Johnson Controls announced Tuesday that it would spend $50 million to reduce the use of HVAC market refrigerants that contribute to global warming.

The Milwaukee-based company was a participant in a roundtable discussion at the White House that outlined President Barack Obama’s climate action plan. The administration says that hydrofluorocarbon emissions from U.S. industries – aka greenhouse gases – are expected to double by 2020 and could triple by 2030.

“We applaud the administration and the regulatory agencies for taking a collaborative approach with industry to manage the phase-down in use of HFCs,” said Laura Wand, vice president of chiller solutions in Johnson Controls’ building efficiency division.

Johnson Controls says that up to 98 percent of total carbon dioxide emissions from HVAC market equipment is due to energy use and not refrigerants. Wand said some refrigerants used in HVAC construction can reduce efficiency – leading to negative impacts on the environment.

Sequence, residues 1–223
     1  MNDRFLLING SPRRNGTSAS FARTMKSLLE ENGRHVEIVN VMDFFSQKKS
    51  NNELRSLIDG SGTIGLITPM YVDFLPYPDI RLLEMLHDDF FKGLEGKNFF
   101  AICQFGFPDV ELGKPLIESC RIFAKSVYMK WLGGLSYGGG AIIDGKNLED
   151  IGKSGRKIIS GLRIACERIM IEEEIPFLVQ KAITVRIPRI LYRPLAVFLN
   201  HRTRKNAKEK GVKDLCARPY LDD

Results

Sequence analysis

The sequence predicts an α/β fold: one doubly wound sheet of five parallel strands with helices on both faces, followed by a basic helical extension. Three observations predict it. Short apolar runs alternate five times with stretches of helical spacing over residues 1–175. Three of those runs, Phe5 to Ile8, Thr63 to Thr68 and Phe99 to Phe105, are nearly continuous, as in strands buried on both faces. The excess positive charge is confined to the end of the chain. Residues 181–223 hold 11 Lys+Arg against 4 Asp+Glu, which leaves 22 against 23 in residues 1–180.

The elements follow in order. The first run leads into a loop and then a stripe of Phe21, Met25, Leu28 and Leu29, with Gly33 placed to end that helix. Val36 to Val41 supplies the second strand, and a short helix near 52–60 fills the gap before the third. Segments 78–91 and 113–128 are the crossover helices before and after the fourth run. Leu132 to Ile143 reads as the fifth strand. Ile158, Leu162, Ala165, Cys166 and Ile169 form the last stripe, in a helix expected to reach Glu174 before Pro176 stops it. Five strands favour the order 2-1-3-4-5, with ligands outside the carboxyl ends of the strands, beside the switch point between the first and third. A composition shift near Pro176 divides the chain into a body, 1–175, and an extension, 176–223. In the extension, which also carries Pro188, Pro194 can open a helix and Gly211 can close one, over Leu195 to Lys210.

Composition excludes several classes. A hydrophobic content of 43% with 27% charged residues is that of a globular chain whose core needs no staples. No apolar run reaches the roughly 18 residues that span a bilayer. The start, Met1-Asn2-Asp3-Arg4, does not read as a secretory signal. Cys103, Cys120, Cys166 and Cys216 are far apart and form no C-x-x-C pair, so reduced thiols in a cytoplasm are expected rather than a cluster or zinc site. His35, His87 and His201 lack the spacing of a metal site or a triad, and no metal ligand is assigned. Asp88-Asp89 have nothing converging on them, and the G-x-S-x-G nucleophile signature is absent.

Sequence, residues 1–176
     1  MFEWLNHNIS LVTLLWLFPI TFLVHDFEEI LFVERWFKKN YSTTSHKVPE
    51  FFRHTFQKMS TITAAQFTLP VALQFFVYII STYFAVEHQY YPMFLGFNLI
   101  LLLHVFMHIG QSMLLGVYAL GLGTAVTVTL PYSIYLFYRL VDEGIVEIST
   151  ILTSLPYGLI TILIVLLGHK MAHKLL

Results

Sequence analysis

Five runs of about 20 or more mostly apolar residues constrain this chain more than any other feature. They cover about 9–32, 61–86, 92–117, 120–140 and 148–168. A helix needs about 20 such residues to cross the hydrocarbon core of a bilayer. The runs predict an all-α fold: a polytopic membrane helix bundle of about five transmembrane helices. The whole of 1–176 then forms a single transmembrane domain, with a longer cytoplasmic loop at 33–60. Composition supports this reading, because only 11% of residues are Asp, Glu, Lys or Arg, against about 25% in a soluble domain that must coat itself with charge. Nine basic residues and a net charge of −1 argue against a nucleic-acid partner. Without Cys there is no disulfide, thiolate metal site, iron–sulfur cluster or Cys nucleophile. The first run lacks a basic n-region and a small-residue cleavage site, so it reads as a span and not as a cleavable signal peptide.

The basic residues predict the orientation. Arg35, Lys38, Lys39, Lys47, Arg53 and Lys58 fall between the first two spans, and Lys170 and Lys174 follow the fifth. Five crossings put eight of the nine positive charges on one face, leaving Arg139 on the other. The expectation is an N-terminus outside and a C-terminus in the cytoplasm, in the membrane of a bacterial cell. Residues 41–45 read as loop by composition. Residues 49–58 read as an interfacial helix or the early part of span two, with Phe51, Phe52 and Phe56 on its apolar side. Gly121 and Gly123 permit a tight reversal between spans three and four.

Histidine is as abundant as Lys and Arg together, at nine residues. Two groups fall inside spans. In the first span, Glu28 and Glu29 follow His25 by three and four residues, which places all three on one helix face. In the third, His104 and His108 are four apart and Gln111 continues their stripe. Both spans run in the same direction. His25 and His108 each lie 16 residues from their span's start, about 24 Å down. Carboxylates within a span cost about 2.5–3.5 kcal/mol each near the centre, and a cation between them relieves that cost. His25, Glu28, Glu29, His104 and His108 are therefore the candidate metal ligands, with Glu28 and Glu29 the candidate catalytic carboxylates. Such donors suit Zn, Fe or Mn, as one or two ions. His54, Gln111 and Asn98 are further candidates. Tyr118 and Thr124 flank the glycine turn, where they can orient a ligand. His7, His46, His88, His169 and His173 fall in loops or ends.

“The energy efficiency makes the greatest impact on the total carbon footprint of a system over its life," she said. "Therefore, when making choices on refrigerants, we cannot sacrifice energy efficiency.”

Johnson Controls said it has spent an estimated $26 million on creating low global warming-potential refrigerants for HVAC construction during the last three years.